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Skull Base. 2006 May;16(2):49-58.

The clinical characteristics of tinnitus in patients with vestibular schwannoma.

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Department of Audiology, Addenbrooke's Hospital, Cambridge, United Kingdom.



To review the symptoms, signs, and clinical findings in a large series of patients diagnosed with unilateral sporadic vestibular schwannoma (VS) to describe the clinical characteristics of tinnitus in this population. Further, to ascertain which of the proposed mechanisms of tinnitus generation in VS was supported.


Retrospective case note and database review.


Tertiary university teaching hospital departments of audiology and neuro-otology.


Nine hundred forty-one patients with unilateral sporadic VS, diagnosed during the period 1986 to 2002. Twenty-three additional patients were excluded due to missing clinical data.


The presence or absence of tinnitus, and its rated subjective severity were analyzed in conjunction with data regarding patient demographics, symptoms, signs, and diagnostic audiovestibular test findings.


No statistical association at the 5% level was found between tinnitus presence/absence and patient age, gender, 2- to 4-kHz audiometric thresholds, ipsilateral auditory brainstem response abnormality, length of history, tumor side, nor caloric test abnormality. Statistically significant associations were found between tinnitus presence/absence and tumor size (p = 0.012) and type of hearing loss (progressive, sudden, fluctuant, nil) with a tendency for patients without hearing loss to be less likely to experience tinnitus. Statistically significant associations were identified between classification of tinnitus severity and age at diagnosis (p < 0.001) (greater age being associated with greater tinnitus severity), abnormal findings on caloric testing (p = 0.01) (abnormal calorics being associated with greater tinnitus severity), and tinnitus as a principal presenting symptom (p < 0.001) (this being associated with greater tinnitus severity).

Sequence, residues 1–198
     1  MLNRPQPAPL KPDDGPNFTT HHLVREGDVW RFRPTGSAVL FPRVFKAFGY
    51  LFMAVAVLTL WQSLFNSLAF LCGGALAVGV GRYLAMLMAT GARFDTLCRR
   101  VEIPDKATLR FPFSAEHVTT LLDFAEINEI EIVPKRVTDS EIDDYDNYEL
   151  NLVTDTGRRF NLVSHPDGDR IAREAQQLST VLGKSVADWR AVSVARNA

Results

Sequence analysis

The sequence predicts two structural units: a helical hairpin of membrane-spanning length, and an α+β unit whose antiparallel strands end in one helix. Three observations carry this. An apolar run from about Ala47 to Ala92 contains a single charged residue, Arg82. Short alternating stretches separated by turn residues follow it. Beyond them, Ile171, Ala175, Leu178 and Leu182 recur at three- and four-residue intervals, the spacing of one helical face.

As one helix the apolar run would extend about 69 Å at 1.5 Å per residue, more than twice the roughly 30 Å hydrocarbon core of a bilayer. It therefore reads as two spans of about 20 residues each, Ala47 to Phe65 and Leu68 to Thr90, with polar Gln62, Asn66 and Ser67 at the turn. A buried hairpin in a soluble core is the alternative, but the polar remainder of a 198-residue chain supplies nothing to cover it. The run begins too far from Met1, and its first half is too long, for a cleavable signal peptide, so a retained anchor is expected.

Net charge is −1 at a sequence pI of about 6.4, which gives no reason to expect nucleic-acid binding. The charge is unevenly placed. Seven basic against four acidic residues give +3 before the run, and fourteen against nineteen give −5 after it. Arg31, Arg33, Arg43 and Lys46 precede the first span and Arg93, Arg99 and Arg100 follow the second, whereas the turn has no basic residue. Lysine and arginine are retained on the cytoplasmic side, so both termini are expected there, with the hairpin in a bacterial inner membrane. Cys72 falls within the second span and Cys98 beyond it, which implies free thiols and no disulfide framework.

The analysis does not identify any single one of the proposed mechanisms for tinnitus as being the obvious culprit. In fact, even in a homogeneous group of patients such as this, there is evidence of multiple mechanisms that are not mutually exclusive. The association between increased tinnitus severity in older patients, patients with canal pareses on caloric testing, and with tinnitus as a principal presenting symptom should be borne in mind by the clinician.

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